Indonesia executes six drug convicts, five of them foreigners

Indonesia executes six drug convicts, five of them foreigners
Widodo has pledged to bring reform to Indonesia

Ban appeals to Indonesia to stop death row executions

Ban appeals to Indonesia to stop death row executions
United Nations Secretary General Ban Ki-moon has pleaded to Indonesia to stop the execution of prisoners on death row for drug crimes. AFP PHOTO

Pope: 'Death penalty represents failure' – no 'humane' way to kill a person

Pope: 'Death penalty represents failure' – no 'humane' way to kill a person
The pope wrote that the principle of legitimate personal defense isn’t adequate justification to execute someone. Photograph: Zuma/Rex

Obama becomes first president to visit US prison (US Justice Systems / Human Rights)

Obama becomes first president to visit US prison   (US Justice Systems / Human Rights)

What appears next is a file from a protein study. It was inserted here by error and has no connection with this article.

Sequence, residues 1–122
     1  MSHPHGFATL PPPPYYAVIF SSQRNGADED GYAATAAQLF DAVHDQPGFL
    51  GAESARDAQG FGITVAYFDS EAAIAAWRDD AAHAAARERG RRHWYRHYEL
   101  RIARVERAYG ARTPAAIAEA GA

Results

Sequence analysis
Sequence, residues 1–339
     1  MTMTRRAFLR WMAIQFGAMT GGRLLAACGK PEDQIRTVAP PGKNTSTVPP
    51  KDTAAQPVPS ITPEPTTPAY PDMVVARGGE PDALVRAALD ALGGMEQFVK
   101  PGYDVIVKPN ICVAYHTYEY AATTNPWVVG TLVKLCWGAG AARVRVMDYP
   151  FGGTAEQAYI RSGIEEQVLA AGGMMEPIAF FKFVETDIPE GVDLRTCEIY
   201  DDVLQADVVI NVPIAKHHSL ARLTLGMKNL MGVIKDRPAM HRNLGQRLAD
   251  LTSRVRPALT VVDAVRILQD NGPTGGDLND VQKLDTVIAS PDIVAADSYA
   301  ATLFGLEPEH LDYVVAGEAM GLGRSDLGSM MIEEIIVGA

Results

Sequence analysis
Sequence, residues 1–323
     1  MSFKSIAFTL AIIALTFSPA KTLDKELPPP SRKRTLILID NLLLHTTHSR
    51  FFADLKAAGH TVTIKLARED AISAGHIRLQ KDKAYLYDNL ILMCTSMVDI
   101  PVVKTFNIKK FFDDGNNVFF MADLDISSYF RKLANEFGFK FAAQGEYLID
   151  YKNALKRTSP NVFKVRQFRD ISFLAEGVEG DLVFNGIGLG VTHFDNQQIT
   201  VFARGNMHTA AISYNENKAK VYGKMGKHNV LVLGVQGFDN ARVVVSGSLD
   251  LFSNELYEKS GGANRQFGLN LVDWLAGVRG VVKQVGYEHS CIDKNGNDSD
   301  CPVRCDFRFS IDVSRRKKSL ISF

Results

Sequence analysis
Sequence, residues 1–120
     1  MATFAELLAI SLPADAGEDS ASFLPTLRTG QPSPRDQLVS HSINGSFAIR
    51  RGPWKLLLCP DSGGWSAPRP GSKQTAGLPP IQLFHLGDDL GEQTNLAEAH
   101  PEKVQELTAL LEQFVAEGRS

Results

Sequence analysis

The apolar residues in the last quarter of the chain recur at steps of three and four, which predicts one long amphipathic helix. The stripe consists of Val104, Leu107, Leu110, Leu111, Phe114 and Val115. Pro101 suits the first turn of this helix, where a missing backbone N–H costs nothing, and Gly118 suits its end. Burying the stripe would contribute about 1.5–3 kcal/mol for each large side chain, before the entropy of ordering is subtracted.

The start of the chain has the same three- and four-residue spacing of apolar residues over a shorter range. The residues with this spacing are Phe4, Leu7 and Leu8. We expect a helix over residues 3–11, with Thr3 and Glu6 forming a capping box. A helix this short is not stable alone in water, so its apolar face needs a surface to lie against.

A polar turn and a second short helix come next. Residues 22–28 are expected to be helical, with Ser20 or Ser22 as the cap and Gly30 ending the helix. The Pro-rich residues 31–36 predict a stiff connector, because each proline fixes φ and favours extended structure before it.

US President Barack Obama speaks as he tours the El Reno Federal Correctional Institution in El Reno, Oklahoma, July 16, 2015 (AFP Photo/Saul Loeb)

US Death Penalty (Justice Systems / Human Rights)

US Death Penalty (Justice Systems / Human Rights)
Woman who spent 23 years on US death row cleared (Photo: dpa)


"The Recalibration of Awareness – Apr 20/21, 2012 (Kryon channeled by Lee Carroll) (Subjects: Old Energy, Recalibration Lectures, God / Creator, Religions/Spiritual systems (Catholic Church, Priests/Nun’s, Worship, John Paul Pope, Women in the Church otherwise church will go, Current Pope won’t do it), Middle East, Jews, Governments will change (Internet, Media, Democracies, Dictators, North Korea, Nations voted at once), Integrity (Businesses, Tobacco Companies, Bankers/ Financial Institutes, Pharmaceutical company to collapse), Illuminati (Started in Greece, with Shipping, Financial markets, Stock markets, Pharmaceutical money (fund to build Africa, to develop)), Shift of Human Consciousness, (Old) Souls, Women, Masters to/already come back, Global Unity.... etc.) - (Text version)

… The Shift in Human Nature